I'm one of the people who submitted a post right before the deadline of the criticism contest. FWIW I think number 6 is off base. In my case, the deadline felt like a Schelling point. My post was long and kind of technical, and I didn't have any expectation of getting money - though having a fake deadline was very helpful and I would probably not have written it without the contest. I don't think that any of the posts that got prizes were written with an expectation of making a profit. They all looked like an investment of multiple hours by talented people who could have made much more money (at least in expectation) by doing something else. In order for someone profit-motivated to take advantage of this they would have to be involved and knowledgeable enough to write a competitive post, and unable to make money in essentially any other way. This seems like an unlikely combination, but if it does exist then I'd assume that supporting such people financially is an additional benefit rather than a problem.

I like hypothesis generation, and I particularly like that in this post a few of the points are mutually exclusive (like numbers 7 and 10), which should happen in a hypothesis generation post. However this list, as well as the topic, feels lazy to me, in the sense of needing much more specificity in other to generate more light than heat.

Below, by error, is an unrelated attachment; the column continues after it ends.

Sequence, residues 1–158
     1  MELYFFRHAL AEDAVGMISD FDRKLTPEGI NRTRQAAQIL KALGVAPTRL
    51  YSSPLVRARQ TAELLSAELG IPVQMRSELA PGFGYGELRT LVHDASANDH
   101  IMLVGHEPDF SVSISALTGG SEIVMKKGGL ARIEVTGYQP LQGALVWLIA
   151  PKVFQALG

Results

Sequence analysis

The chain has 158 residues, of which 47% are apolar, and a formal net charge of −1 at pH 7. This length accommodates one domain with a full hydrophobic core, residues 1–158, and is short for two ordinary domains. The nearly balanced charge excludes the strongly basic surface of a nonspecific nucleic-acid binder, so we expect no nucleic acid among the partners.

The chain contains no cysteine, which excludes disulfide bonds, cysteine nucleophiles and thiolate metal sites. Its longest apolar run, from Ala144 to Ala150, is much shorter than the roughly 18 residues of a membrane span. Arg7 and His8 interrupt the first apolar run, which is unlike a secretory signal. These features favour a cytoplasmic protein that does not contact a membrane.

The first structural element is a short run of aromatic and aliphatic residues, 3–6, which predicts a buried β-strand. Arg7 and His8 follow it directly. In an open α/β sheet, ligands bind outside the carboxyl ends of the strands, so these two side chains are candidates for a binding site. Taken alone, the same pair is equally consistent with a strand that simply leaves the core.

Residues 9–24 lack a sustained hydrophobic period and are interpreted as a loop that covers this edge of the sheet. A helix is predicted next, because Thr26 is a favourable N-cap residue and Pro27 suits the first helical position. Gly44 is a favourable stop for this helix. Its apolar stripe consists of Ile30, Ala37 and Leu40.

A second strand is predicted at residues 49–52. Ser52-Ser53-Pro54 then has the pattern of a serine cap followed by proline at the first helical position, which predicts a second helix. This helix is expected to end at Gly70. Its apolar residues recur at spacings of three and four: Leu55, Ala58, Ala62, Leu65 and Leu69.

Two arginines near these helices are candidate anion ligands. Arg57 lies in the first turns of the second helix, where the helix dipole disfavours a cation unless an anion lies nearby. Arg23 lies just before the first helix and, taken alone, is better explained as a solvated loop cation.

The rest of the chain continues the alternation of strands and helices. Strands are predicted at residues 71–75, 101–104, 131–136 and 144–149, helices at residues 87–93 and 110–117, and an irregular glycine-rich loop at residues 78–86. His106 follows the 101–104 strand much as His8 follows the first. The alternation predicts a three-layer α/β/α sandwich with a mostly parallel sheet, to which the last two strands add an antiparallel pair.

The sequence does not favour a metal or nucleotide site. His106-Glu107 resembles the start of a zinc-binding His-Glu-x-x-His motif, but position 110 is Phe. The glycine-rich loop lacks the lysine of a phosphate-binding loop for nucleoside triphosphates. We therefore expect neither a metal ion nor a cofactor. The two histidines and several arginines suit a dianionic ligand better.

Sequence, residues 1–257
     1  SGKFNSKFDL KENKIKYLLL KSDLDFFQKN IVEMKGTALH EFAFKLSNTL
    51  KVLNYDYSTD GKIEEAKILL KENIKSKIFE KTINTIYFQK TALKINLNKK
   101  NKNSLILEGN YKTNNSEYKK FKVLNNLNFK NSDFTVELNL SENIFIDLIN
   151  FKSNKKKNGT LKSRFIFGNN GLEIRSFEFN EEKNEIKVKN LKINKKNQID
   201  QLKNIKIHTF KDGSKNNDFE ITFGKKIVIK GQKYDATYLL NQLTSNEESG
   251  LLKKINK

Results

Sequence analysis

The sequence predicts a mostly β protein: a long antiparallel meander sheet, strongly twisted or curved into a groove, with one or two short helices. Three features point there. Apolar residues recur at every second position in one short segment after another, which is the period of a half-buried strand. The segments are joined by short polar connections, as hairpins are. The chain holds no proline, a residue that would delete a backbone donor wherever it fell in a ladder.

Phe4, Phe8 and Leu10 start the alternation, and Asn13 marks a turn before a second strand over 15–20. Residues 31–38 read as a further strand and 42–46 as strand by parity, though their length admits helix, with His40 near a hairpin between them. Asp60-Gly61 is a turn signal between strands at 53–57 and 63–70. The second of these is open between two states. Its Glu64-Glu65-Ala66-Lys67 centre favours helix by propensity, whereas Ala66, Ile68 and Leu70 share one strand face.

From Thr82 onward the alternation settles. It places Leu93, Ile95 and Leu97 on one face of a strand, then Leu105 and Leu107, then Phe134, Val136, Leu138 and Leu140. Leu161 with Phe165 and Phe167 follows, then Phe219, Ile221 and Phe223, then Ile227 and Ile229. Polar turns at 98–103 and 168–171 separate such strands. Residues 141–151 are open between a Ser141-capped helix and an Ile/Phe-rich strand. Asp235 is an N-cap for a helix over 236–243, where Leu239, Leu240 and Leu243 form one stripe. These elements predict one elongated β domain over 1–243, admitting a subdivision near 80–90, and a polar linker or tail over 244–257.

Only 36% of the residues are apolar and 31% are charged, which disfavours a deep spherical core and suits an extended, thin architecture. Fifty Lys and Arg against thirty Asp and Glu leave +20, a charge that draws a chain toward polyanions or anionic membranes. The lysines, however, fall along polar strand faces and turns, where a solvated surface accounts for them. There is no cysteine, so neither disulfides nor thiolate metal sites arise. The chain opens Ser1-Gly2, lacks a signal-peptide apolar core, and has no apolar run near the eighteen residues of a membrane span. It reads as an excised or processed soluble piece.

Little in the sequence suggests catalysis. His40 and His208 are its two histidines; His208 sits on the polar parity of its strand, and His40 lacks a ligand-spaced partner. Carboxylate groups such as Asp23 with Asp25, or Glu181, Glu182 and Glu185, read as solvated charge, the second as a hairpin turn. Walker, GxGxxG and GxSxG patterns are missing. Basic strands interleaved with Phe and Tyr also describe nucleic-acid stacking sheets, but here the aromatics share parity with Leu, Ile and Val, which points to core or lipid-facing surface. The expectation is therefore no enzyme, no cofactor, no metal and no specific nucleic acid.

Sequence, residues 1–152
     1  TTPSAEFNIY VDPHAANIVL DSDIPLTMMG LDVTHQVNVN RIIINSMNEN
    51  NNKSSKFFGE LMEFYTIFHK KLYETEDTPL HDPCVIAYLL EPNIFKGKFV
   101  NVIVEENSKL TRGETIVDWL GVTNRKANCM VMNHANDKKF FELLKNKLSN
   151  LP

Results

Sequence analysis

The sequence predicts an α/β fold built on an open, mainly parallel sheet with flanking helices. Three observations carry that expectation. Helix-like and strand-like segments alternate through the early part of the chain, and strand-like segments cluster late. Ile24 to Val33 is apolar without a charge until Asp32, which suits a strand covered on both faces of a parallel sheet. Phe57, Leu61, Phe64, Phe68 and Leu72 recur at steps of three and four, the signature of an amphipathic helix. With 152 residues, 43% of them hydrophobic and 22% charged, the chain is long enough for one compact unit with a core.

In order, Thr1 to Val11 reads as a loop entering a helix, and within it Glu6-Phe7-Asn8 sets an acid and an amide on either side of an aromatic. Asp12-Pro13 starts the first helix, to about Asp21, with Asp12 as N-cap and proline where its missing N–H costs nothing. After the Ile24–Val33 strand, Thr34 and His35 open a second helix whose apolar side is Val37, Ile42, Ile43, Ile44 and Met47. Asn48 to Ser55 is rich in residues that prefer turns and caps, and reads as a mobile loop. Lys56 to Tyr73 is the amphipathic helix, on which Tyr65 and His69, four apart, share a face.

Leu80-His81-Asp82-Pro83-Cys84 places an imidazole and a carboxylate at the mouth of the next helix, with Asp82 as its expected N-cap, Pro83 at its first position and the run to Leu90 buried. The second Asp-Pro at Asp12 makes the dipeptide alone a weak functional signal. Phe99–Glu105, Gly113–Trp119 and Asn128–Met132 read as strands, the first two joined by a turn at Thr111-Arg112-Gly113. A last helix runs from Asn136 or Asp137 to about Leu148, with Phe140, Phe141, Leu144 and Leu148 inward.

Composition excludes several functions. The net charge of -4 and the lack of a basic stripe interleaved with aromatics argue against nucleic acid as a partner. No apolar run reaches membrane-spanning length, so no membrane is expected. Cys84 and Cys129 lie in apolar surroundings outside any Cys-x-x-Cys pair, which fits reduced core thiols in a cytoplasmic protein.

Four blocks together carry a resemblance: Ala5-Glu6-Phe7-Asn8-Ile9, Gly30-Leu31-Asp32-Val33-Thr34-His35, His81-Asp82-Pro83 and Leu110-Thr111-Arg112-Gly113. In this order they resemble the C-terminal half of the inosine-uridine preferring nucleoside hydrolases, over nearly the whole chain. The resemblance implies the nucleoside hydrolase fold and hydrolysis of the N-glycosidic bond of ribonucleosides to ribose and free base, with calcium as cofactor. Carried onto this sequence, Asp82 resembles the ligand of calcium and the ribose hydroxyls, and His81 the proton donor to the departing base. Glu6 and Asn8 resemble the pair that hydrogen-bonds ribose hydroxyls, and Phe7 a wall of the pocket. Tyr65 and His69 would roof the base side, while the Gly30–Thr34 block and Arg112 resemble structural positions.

I think my main issue is the extremely vague use of"quality" here. It's ok to use vague terms when a concept is hard to define, but in this case it feels like there are more useful ways to narrow it down. For example you could say "the average post seems less informative/well-researched" or "the average poster seems less experienced/ qualified", or "I learned more from the old forum than the new one" (I think especially a focus on your experience would make the issue more precise, and open up new options such as "posts became less fun once I learned all the basics and new people who are just learning them became less interesting to me"). I would like to see a hypothesis generation post that focuses much more on the specific ways that posts are "worse" (and generates hypotheses on what they are) rather than on reasons for this to be the case. I suspect that once a concrete question is asked, the potential reasons will become more concrete and testable.